The China House gets a makeover and the House of Chan endures on Eglinton
One of Jonathan Wise's earliest memories is running across the bridge by the entrance to the China House near his Forest Hill home and throwing a penny in the water. That bridge is still there, as is the papier mache tree in the dining room and the iconic neon sign, which is good, because Jonathan -- just returned to Toronto with his wife after 25 years working in the luxury hotel business -- is the new owner of the China House.
Every city probably had a version of the China House -- a mid-century modern take on Chinoiserie, with cocktail lounge curves painted lacquer red, murals of dragons and courtesans on the wall, keyhole doors and a sign in bold calligraphy strokes, lined in bright neon. The China House has it all, though according to Wise, most of it needed a good clean after 52 years in business.
"This is it, baby," Wise says with obvious pride. "I would never be able to afford to redesign or copy this. It's impossible. It's a priceless room - you could not replicate it, and if you did, it wouldn't have the same patina or warmth or authenticity."
Chinese restaurants don't look like this anymore; for higher-end, sit-down eateries, the aesthetic is slicker, in a style that references minimalism and post-modernism. (The recently renovated Garden Gate -- aka "The Goof" -- in the Beaches is a fine example.) The style is pan-Asian, drawing on Japanese designers like Issey Miyake, Wong Kar-Wai films and Haruki Murakami novels, whereas old school places like the China House were products of a different world -- Charlie Chan films, Pearl S. Buck novels and the "green lady" paintings of Vladimir Tretchikoff.
For some reason, the stretch of Eglinton between Bathurst and the Allen Expressway has been kind to Chinese eateries like this, and while Jonathan Wise works to restore the China House, House of Chan just a block east has been doing business for 55 years, moving from traditional Americanized Cantonese food to steakhouse years ago, on a whim of its second of just three owners.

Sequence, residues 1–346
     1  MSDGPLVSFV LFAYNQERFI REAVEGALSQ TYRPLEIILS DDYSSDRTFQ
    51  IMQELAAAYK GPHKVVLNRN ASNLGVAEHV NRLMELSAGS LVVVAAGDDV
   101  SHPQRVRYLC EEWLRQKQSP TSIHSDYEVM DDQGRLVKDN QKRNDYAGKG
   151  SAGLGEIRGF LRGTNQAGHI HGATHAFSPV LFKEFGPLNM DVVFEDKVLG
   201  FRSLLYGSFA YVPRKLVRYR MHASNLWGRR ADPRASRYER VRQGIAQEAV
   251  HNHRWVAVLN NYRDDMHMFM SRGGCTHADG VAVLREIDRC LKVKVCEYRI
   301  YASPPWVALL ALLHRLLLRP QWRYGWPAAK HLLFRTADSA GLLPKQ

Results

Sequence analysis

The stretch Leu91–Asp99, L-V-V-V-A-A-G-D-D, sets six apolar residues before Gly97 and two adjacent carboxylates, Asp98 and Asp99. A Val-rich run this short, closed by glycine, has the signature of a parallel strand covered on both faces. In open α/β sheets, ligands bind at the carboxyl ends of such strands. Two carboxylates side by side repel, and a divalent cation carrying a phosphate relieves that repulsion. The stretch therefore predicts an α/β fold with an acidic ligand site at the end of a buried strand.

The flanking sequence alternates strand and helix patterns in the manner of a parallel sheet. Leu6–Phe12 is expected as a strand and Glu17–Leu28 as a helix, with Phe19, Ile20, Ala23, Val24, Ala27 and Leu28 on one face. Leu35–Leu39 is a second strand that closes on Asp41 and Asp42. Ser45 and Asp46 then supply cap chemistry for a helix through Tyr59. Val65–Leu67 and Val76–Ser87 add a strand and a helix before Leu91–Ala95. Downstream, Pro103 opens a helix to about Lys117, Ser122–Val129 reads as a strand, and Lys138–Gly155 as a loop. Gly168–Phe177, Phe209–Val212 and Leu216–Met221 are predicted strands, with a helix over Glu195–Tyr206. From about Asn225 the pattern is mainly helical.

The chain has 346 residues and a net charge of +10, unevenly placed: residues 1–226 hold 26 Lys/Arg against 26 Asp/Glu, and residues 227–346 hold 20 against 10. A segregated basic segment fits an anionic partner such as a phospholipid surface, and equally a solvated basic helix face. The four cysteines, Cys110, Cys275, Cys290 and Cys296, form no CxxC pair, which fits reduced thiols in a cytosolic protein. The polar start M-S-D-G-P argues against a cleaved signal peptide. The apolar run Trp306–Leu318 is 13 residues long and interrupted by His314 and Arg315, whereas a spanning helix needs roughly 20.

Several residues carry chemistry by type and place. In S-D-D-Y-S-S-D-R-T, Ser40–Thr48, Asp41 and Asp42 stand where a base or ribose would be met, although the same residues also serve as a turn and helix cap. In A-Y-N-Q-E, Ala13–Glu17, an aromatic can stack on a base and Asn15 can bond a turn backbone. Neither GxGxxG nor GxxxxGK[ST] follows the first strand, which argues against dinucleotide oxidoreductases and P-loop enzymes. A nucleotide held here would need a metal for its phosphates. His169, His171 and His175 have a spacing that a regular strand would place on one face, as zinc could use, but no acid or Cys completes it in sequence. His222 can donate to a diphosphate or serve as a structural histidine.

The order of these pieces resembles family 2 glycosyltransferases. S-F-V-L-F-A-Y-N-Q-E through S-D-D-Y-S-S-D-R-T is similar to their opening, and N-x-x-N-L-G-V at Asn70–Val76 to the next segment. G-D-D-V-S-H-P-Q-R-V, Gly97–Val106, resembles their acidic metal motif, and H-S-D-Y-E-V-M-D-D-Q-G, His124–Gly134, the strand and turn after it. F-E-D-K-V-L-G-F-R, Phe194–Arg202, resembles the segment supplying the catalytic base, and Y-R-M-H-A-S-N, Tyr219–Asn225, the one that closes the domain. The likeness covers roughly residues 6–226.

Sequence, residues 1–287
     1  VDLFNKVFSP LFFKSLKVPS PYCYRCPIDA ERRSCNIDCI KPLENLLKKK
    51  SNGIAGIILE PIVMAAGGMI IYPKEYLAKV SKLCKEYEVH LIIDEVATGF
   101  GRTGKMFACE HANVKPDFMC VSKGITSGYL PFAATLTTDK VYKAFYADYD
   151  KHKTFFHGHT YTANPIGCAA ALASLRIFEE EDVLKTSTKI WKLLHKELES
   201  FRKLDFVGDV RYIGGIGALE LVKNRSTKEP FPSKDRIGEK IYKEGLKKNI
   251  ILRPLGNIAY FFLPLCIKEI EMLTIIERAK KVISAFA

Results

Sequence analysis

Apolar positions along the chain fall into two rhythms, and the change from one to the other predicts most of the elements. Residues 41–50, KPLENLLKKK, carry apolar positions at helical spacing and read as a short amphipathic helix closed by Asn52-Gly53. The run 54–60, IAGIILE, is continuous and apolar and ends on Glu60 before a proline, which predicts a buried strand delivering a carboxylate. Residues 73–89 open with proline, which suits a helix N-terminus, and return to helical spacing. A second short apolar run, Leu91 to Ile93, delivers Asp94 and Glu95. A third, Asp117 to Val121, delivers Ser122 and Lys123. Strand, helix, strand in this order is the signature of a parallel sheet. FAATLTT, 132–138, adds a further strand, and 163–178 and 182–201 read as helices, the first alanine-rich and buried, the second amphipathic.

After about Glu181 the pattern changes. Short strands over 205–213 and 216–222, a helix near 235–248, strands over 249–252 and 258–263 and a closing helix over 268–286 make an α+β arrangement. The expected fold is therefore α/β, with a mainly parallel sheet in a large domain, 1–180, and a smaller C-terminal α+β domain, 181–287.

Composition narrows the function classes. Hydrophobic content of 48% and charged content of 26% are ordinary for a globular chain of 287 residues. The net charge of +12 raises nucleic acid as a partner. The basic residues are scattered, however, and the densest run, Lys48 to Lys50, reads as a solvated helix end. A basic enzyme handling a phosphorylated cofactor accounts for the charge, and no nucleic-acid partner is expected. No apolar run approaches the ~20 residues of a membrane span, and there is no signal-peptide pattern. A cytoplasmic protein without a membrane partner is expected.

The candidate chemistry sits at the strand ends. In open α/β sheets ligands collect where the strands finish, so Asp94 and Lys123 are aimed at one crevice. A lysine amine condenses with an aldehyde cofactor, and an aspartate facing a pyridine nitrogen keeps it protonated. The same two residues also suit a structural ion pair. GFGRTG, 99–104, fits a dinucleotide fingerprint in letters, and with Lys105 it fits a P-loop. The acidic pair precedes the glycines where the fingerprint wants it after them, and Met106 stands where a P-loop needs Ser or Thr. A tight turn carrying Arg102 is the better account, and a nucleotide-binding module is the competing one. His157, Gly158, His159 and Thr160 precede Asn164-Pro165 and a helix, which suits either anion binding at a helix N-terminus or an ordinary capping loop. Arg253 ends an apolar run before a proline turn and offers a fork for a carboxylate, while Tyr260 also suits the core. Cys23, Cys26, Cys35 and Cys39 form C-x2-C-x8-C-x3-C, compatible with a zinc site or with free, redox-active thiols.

House of Chan manager Peter Pau has been here for 30 years, and produces a menu from its earliest days, when the phone number had two letters and five numbers. Most of the specials, priced at between $2 and $3.50, aren't on the menu anymore -- dishes like Lichee Gai Kew ("baby chicken cubes with lichee fruit.")
Tastes have changed, he says. "Consumers are getting very smart. They know that North American Chinese food is not authentic Chinese food." He can't explain, however, why the two restaurants have survived, even become venerable, on this affluent, mostly Jewish, midtown strip, though he imagines that it goes back generations. "I think they grew up with it down in Kensington Market, with the Chinese nearby on Dundas," he muses, adding that this is just a theory.
Back at the China House, Jonathan Wise says he doesn't intend to radically change the menu, beyond adding more vegetables, bringing back dim sum, putting healthier oils in the deep fryers, and banishing MSG. He knows that the ambiance of a place like the China House is priceless, and wants to provide service that's up to that standard, but judging from the reactions of regulars after being closed for just a few days, he's certain that the place could run for another 50 years. "I think people in Toronto are very supportive of things that are iconic, traditional, have historical relevance, and it's like the Field of Dreams thing - they ache for something historical."
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